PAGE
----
Kevin Drum, making points he rightly suspects I'll agree with, says that it's not manufacturing that matters it's the need to make tradeable products because "we really do have a long-term trade deficit problem."
I do agree! But two important nuances here.
One is that tradeability is not identical to the NAICS manufacturing category. In many ways, its not even close. Drum mentions America's exports of music, television shows, and movies. But you can also export lots of different kinds of services. Every time a foreigner signs up for a Flickr Pro account or subscribes to The New York Times, America is exporting. America is also a net exporter of higher education services, with students from around the world flocking to our fair shores. The United States is a net exporter of tourism, meaning that foreign visitors spend more on our hotels, restaurants, shops, etc. than we spend on theirs. If you think about the localized economies of Orlando or Las Vegas, they're obviously very dependent on tourism exports to other regions of the United States, and as developing countries get richer I bet international tourism exports will become more imporant to them. Now of course tourism is not the most lucrative thing in the world. But neither is manufacturing. If you go back to the list of the highest-wage metropolitan areas in the United States, you'll see that at both the mid-level and the low-level they're dominated by centers of software, finance, business service, and biotech. A plausible vision of a more prosperous America is one with more places like Boston and San Jose, not more tire factories.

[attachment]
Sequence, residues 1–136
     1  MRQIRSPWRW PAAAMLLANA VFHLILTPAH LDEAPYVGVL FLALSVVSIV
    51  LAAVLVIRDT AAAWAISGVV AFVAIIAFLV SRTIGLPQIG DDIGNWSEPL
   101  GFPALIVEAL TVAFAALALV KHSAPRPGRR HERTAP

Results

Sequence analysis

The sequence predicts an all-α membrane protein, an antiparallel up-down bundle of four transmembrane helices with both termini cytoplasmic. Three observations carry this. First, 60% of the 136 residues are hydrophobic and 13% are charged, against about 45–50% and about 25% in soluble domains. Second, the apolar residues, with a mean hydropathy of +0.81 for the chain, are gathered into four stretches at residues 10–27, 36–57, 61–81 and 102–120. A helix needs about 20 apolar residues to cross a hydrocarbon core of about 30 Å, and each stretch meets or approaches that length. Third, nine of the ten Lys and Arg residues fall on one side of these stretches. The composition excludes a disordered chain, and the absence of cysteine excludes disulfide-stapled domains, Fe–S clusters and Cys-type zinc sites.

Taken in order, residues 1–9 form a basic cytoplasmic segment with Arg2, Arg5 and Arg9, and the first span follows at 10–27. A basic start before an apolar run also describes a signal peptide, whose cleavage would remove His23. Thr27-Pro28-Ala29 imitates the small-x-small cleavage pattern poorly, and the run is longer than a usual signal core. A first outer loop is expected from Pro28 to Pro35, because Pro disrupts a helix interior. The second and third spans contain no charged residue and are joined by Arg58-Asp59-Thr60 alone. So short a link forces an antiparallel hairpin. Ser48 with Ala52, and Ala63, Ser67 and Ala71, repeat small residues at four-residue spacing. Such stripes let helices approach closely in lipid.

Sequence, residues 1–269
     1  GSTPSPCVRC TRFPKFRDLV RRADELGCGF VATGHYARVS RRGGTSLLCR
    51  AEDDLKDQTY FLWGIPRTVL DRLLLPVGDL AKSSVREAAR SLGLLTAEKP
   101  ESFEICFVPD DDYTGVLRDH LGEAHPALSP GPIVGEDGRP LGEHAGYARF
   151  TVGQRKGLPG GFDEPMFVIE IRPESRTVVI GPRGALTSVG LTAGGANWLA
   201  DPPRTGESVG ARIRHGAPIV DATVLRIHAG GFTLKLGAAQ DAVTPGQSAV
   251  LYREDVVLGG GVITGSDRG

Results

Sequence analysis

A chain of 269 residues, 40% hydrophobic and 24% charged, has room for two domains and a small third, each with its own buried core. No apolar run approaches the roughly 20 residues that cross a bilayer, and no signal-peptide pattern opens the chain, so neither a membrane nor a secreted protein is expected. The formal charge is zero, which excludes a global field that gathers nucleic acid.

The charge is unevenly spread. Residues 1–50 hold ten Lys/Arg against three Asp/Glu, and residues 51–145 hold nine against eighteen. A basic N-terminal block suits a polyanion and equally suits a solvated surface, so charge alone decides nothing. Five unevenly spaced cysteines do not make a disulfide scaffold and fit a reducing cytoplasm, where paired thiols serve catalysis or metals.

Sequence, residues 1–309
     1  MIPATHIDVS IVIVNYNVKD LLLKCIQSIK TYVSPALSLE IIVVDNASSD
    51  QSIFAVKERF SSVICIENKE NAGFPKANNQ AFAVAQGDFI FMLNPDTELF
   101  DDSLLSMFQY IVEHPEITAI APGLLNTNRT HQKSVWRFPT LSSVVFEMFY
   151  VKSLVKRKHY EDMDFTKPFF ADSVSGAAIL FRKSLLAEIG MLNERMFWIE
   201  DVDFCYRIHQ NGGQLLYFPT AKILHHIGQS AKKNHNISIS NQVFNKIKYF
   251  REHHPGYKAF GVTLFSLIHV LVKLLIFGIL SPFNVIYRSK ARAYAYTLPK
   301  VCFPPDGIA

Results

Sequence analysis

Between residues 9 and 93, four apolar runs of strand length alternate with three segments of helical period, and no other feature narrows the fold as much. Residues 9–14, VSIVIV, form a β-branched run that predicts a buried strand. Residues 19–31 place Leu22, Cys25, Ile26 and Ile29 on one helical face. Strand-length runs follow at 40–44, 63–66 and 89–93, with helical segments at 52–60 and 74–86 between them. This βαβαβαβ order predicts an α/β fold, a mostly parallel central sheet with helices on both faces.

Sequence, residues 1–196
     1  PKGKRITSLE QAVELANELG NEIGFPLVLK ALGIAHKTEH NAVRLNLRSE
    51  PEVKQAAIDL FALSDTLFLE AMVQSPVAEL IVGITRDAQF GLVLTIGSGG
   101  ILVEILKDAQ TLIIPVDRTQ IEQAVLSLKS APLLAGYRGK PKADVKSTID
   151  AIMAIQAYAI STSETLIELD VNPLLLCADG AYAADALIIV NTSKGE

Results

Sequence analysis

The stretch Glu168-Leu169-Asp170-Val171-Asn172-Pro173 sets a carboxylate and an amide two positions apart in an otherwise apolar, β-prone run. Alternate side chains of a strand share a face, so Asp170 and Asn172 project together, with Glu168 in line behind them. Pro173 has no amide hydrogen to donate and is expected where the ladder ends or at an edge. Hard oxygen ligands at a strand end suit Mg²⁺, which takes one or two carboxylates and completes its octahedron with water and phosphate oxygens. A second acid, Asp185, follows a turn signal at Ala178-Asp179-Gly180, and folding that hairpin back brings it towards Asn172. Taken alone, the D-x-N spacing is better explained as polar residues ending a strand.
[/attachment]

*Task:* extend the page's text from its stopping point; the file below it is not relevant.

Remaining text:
The other is that there's a difference between output and employment. A lot of the recent manufacturing conversation has centered on talk of "jobs" and especially "good jobs." But what matters for the trade balance is simply the dollar value of output. Hollywood does not directly employ a particularly large number of people. But it is as a major export industry. And it does anchor the economy of America's second-largest city. It's just that in Los Angeles most people aren't arning a living as actors or directors or screenwriters. They're doctors and lawyers and teachers and waitresses and gardeners and yoga instructors and accountants and that's all fine.
Last (but by no means least) I do think it's important to emphasize that while the USA certainly seems like it may face a balance of payments crisis in the future, we're definitley not facing one today. That's The Crisis We Should Have Had, but it's not the crisis we are experiencing. And the president ill-serves the country by acting as if we're facing a balance of payments crisis when we aren't.